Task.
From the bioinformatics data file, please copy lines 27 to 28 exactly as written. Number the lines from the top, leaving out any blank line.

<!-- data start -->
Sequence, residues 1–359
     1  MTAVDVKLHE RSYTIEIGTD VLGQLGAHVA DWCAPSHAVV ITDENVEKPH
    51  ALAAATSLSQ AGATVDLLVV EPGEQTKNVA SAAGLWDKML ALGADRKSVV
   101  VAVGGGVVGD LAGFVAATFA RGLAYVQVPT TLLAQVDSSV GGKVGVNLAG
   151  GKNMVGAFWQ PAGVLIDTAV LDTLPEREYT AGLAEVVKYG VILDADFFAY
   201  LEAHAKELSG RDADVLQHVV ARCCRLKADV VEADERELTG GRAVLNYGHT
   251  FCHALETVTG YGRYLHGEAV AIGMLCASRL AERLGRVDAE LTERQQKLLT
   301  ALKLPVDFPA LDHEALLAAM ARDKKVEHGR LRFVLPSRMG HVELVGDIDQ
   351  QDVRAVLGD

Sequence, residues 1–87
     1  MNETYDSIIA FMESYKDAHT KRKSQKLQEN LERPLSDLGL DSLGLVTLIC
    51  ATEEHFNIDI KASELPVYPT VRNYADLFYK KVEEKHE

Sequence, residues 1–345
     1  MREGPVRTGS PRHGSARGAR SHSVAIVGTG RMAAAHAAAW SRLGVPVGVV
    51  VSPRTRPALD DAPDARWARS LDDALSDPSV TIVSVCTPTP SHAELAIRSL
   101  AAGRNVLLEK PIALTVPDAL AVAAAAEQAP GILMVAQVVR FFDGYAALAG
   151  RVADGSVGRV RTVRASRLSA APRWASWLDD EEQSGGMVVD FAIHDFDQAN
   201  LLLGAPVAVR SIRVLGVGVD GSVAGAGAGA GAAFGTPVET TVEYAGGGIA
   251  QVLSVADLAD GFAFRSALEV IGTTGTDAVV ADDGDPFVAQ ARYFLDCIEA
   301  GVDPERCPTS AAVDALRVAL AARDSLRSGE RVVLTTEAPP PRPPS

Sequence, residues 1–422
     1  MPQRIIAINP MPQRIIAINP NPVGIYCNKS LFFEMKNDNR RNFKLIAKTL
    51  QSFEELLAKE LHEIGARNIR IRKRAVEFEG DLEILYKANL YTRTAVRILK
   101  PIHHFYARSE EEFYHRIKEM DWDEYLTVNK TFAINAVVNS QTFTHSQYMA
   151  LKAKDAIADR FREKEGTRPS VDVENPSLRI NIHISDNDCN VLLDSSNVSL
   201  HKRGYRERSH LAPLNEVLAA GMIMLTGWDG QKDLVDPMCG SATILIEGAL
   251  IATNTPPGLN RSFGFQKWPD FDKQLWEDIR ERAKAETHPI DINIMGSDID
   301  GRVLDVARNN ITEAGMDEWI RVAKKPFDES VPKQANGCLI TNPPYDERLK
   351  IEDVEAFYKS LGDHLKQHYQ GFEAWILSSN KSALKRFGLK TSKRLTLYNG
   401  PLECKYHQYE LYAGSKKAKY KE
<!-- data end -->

   251  IATNTPPGLN RSFGFQKWPD FDKQLWEDIR ERAKAETHPI DINIMGSDID
   301  GRVLDVARNN ITEAGMDEWI RVAKKPFDES VPKQANGCLI TNPPYDERLK